Arguments heard over private Encinitas seawall, staircase

Arguments heard over private Encinitas seawall, staircase
The Fourth District Court of Appeals heard the Coastal Commission's appeal to a lower court ruling on Monday, overturning both the reconstruction of a private staircase and the state agency's imposition of a clause that would require two Encinitas residents to reapply for a permit for their seawall after 20 years. File photo

ENCINITAS — A lawsuit challenging the California Coastal Commission’s stance on an Encinitas families’ private seawall and staircase is now in the hands of three state appeals court judges, after the court heard arguments from both sides on Monday morning.

The case has generated much attention as private homeowners throughout the state are at odds with the state’s coastal protection agency’s stance regarding seawalls, which are typically concrete or wooden barriers built at the base of cliffs to stabilize them and protect homes built atop coastal bluffs.

The Fourth District Court of Appeals heard the Coastal Commission’s appeal to a lower court ruling overturning both the reconstruction of a private staircase and the state agency’s imposition of a clause that would require Barbara Lynch and Thomas Frick to reapply for a permit for their seawall after 20 years.

The families were applying for a permit to build a state-of-the-art concrete seawall to replace their aging wooden one and rebuild the private staircase from their homes to the beach below, after storms in 2010 largely wiped out both structures.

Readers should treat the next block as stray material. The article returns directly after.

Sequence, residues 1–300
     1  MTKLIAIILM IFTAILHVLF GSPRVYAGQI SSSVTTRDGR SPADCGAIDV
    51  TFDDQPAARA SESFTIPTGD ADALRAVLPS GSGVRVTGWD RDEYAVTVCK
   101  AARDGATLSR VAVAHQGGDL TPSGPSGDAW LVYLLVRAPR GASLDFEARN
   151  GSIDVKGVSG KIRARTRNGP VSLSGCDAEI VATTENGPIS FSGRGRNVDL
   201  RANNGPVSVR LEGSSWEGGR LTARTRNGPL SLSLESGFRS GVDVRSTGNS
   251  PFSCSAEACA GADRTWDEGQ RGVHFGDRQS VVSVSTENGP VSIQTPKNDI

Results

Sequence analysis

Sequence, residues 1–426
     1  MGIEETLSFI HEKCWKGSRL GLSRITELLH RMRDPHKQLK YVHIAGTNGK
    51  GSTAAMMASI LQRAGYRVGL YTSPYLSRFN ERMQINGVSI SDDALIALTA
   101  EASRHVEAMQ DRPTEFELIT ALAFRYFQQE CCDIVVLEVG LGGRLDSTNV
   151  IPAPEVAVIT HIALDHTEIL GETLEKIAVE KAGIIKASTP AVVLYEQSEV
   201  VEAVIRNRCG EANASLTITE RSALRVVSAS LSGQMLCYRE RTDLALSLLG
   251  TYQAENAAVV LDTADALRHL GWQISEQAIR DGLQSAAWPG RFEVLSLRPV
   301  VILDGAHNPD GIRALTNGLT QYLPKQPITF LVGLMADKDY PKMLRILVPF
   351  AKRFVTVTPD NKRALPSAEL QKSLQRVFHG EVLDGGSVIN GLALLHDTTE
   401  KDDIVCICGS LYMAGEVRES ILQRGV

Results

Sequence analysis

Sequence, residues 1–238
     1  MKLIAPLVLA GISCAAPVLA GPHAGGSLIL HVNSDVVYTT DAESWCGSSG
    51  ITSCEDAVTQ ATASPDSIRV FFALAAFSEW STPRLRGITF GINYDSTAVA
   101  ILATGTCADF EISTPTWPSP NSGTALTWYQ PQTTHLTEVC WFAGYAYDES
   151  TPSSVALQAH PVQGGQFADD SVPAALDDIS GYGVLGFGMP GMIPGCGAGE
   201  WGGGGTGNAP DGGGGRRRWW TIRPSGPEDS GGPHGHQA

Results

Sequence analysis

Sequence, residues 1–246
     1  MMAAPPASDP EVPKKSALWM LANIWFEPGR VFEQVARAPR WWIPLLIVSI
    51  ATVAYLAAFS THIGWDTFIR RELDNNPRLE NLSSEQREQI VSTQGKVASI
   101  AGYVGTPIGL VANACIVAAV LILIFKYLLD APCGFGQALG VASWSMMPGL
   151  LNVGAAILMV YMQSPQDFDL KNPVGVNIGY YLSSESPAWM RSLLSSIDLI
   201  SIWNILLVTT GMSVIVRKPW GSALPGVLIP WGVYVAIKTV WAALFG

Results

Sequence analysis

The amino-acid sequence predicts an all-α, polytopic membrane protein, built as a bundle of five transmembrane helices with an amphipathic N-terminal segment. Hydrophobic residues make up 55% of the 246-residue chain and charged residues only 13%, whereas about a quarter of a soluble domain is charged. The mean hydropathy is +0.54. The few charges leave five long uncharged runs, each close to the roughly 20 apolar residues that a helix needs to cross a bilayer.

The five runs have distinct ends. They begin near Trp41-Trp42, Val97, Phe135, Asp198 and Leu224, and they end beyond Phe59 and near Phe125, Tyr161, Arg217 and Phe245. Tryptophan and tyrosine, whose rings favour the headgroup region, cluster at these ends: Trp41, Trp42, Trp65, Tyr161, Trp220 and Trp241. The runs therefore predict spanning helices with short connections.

The seawall and staircase had been on the property since the 1970s, and the Coastal Commission formally approved both structures in 1989, attorneys said.

Much of Monday’s 30-minute hearing revolved around the staircase, which the Coastal Commission said could not be rebuilt because it runs afoul of Encinitas’ current general plan, which calls for the phasing out of private coastal staircases. State law, said Deputy Attorney General Hayley Peterson, allows coastal structures to be rebuilt in the event of a disaster so long as the structure doesn’t violate local ordinances.

Paul Beard, an attorney representing the families, argued that no such local ordinance exists. While the general plan discusses a private staircase phase out, the city’s zoning code — which codifies the city’s intent as laid out in the General Plan — does not include such a phase out.

Williams countered that a local provision known as a coastal overlay zone restricts development along to coastal bluffs to seawalls, public staircases and landscape maintenance. Beard, after the proceedings, said that the zone’s language is silent on private staircases.

“That code … doesn’t even touch at what is at heart of this case,” Beard said.

The panel, which included Administrative Presiding Justice Judith McConnell and associate justices Cynthia Aaron and Gilbert Nares, has 90 days after the arguments have been officially filed to render a judgment.

The Coast News Group
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